Thai Airways a microcosm of Thailand

Thai Airways a microcosm of Thailand

Thai Airways International (THAI) planes sit idle at Suvarnabhumi airport, a far cry from the national carrier's past glory. (Photo by Wichan Charoenkiatpakul)
Thai Airways International (THAI) planes sit idle at Suvarnabhumi airport, a far cry from the national carrier's past glory. (Photo by Wichan Charoenkiatpakul)

Not so long ago, when air travel was not so commonplace, Thai nationals studying and working abroad could feel like they were half-way home when they saw Thai Airways (THAI) planes on tarmacs around the world. It was a symbolic comfort to know that getting on one of the national flag carrier's aircraft would eventually end up getting them home. As THAI has entered a massive and unprecedented reorganisation plan, the national airline is a microcosm of Thailand itself.

Once proud and flying high in the skies, THAI has underachieved and underwhelmed so far in the 21st century, beset with vested interests at home and unable to adapt amidst intensifying competition from global peers. In fact, the flag carrier has held up for longer than it should have because of Thailand's gifted geographical centrality with resourceful and hospitable people and a critical mass. How THAI fares moving forward will depend to a large degree on whether Thailand itself has the wherewithal to rejuvenate and regain its footing from prolonged decay and ongoing stagnation.

While THAI's longstanding financial woes and shoddy management preceded the coronavirus pandemic, the virus crisis has accelerated the airline's reckoning and provided the government with justification for wide-ranging changes. THAI reportedly has total outstanding debts of 244.9 billion baht, mostly owed to international creditors. As it has recently missed a debt repayment of 10.2 billion baht, its debentures have been downgraded by the local Tris rating agency.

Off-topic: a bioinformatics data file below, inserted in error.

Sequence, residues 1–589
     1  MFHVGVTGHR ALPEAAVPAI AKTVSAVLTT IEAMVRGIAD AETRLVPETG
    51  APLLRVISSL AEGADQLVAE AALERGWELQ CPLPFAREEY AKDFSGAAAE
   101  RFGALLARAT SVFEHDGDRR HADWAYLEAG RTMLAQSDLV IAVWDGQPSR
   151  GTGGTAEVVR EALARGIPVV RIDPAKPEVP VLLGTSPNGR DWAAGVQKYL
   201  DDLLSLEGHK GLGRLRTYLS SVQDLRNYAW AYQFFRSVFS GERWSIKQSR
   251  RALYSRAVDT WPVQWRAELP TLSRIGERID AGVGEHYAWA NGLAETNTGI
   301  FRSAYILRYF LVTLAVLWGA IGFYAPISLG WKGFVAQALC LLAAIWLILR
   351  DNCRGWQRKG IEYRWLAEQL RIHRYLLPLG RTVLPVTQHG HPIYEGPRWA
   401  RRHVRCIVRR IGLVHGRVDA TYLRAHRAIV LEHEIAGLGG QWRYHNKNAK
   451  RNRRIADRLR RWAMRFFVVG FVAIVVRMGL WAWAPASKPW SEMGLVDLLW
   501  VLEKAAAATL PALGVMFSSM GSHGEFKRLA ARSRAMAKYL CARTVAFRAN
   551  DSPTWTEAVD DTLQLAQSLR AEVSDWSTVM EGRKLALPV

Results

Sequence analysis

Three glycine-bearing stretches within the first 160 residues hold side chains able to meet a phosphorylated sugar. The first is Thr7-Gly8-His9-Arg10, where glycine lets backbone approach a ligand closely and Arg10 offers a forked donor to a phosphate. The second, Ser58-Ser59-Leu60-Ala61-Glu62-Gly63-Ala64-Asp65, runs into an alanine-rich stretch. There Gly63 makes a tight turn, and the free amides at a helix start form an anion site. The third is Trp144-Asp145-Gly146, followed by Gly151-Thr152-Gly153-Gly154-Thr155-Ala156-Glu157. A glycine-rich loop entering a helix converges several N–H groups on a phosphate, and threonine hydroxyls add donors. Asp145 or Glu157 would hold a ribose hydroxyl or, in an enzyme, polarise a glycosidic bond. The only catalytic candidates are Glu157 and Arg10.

To be sure, THAI is not alone among state-owned-enterprises in Thailand that are saddled with swelling liabilities attributable to poor management and uncompetitive operations. From bus and rail to utilities, the state-enterprise sector, with combined assets of more than 14 trillion baht, has incurred losses over the years. But THAI is the poster SOE because of its protrusive visibility and high expectations.

The fundamental problem for THAI is that the government of Prime Minister Prayut Chan-o-cha is ill-equipped to oversee its rectification. The Prayut-led regime during the coup period in 2014-19 and after the election last year now precludes vital reforms to propel Thailand forward. Thailand's needed reforms are broad-based from constitutional changes and a tax overhaul to a bureaucratic revamp and SOE revitalisation.

When Gen Prayut initially led the junta government, there were hopes and optimism that much-needed reforms and restructuring were in store. The Prayut-led junta even promulgated a song for the nation, pledging that they would not stay on for long. Many harked back to the 1991-1992 period when an earlier coup government installed a technocratic cabinet that instituted a raft of reforms, including the value-added tax and the breakup of a telephone concession monopoly.

But it soon became clear that the Prayut-led junta was in for the long haul. Reforms were not only put on the backburner but abandoned altogether. Instead, there has been a deliberate turning back of the clock to privilege and prioritise the interests of the military and broader bureaucracy. The return of the bureaucratic state put Thailand at a relative standstill because it was about restoring old practices and perks, not restructuring and adjusting for future challenges.